Many programs have been looking at the treadmill stress test to see if that can unmask long QT syndrome, and this has been around for decades — everybody has a treadmill exercise facility, or at least most programs do — and treadmill stress testing has been a standard part of the evaluation of long QT syndrome for a long time. However, the new revelations have come with knowing the different genetic subtypes of long QT syndrome, and then realizing that one of the reasons why the treadmill stress test has shown all kinds of different patterns is because the different genetic subtypes give different treadmill test responses. This provided an opportunity to delineate what are the characteristic treadmill stress test responses of the three most common genetic flavors of long QT syndrome. Basically, we are searching to identify what part of the treadmill stress test has the most diagnostically useful information to catch long QT syndrome. This work is very similar to some great research by Dr. Andrew Krahn in Canada. Our study provided the largest study of patients with genetically proven long QT syndrome in which we could delineate the characteristic reaction of type 1, type 2, and type 3 long QT syndrome during the exercise stress test, and as it turns out, more importantly, during the recovery phase from the treadmill stress test — meaning, what happens after they reach their peak heart rate and have cooled down. This is where we and others have shown that this is where the greatest information resides with how the stress test can catch long QT syndrome.

Describe the gene-specific QTc changes seen during peak exercise and recovery in LQT1 patients and the subcohort of concealed LQT1 patients.

This is exactly where we and others have seen now that the test’s greatest power is to unmask type 1 long QT syndrome. To unmask it, it will give you a suspicion that you’re dealing with it in a patient who already has manifest QT prolongation, and it will unmask or catch type 1 long QT syndrome in a person who has a normal QT interval at rest. For most of us, when we exercise, our heart rate speeds up, and as our catecholamines are released, our repolarization system should become more and more efficient. However, if you have type 1 long QT syndrome, which is due to a defect in one of the key potassium channels of the heart that responds to adrenaline, what those individuals show is a maladaptive response in their recharging system during exercise, and more importantly, during the recovery phase. So instead of the corrected QT interval shortening, it actually paradoxically lengthens during the exercise stress test, and this is especially in the recovery phase, such that, during the recovery phase, the first 5 minutes after the heart rate has reached its peak, for normal individuals and LQT2 and 3 individuals, their QTc is still shorter than it was at baseline. But if you have type 1 long QT syndrome, you display a paradoxically prolonged QTc in that recovery phase, and that was true whether you had shown QT prolongation at rest or had a normal QT interval at rest. In fact, we showed that the 3-minute recovery point overall had the single greatest diagnostic utility, where if that QTc was over 470 milliseconds, that suggested the presence of type 1 long QT syndrome with a positive predictive value of around 75 percent. So that is really the key response during the treadmill stress test — that sort of ‘aha’ moment — I think we’ve caught long QT 1 if there was a normal QT interval at rest, or for the patient with diagnostic QT prolongation at rest, that kind of recovery phase reaction could make the physician strongly suspect that they’re dealing with the most common genetic subtype of flavor number 1 while they’re securing genetic testing and confirming that suspicion. Thus, it can provide a pre-genetic test suspicion as to what genetic subtype they are dealing with, and then be able to begin a LQT1-directed treatment program.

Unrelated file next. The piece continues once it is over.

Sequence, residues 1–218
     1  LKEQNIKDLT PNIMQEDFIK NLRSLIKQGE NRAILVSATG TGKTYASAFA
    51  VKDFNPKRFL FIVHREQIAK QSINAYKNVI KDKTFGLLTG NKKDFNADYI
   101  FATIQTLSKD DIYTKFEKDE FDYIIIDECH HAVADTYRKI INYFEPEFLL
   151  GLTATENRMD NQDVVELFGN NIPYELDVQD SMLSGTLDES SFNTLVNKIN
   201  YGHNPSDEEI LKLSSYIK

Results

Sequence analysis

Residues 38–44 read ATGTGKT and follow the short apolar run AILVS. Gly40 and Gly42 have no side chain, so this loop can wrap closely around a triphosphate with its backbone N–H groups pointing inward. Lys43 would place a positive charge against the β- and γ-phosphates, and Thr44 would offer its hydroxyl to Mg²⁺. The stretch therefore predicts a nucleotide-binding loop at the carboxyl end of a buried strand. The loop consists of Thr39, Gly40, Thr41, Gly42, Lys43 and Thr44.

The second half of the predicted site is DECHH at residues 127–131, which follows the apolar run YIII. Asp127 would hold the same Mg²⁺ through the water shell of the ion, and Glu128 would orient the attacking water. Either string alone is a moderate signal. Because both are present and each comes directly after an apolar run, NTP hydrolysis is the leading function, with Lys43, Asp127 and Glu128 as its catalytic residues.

What makes this study significant? How will these results benefit long QT patients?

I think these results provide clarity, showing the aspect of the treadmill stress test where the most valuable information resides. Hopefully, it will help decrease the misuse of the treadmill stress test and the way that this test has been invoked to overdiagnose the condition. I think it also provides another tool for the patient and family, and will help physicians advance the case for the presence of the disease. I think it should help make us better at diagnosing the condition if it’s there, and better at refraining from the diagnosis by overreaching with an observation if we just don’t have the evidence.